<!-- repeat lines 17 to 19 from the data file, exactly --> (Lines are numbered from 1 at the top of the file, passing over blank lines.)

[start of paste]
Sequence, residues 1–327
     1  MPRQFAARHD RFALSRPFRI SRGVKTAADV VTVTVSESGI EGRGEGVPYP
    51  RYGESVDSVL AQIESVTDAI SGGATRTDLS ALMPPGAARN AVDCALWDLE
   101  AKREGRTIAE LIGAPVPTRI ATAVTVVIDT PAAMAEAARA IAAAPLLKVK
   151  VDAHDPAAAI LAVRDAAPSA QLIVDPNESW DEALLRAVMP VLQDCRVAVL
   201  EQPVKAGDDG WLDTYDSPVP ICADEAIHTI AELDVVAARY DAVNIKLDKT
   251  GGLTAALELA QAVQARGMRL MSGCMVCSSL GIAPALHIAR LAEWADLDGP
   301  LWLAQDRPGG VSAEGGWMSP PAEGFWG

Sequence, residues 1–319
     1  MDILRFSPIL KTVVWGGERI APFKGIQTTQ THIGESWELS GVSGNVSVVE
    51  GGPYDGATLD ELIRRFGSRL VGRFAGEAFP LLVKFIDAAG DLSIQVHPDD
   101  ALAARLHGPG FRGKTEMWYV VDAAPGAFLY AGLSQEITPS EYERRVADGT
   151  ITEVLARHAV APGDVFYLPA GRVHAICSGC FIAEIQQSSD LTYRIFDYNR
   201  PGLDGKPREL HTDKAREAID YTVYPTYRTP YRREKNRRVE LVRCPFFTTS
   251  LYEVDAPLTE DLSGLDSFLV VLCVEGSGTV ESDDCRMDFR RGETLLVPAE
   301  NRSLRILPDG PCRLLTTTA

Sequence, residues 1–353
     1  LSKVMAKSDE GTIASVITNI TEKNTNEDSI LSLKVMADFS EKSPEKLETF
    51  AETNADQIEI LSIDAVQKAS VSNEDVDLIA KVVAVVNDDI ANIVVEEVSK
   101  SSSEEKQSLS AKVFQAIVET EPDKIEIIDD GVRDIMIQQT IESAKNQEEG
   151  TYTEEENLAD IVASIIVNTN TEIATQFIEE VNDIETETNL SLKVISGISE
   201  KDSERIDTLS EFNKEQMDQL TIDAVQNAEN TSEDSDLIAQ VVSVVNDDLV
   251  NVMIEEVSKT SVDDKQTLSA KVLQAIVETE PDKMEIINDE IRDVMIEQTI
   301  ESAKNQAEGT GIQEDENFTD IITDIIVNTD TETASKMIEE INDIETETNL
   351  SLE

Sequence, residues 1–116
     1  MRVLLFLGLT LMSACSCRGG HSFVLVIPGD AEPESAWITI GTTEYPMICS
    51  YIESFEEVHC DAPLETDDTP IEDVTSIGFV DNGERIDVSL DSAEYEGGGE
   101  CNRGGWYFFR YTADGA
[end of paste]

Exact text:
Sequence, residues 1–353
     1  LSKVMAKSDE GTIASVITNI TEKNTNEDSI LSLKVMADFS EKSPEKLETF
    51  AETNADQIEI LSIDAVQKAS VSNEDVDLIA KVVAVVNDDI ANIVVEEVSK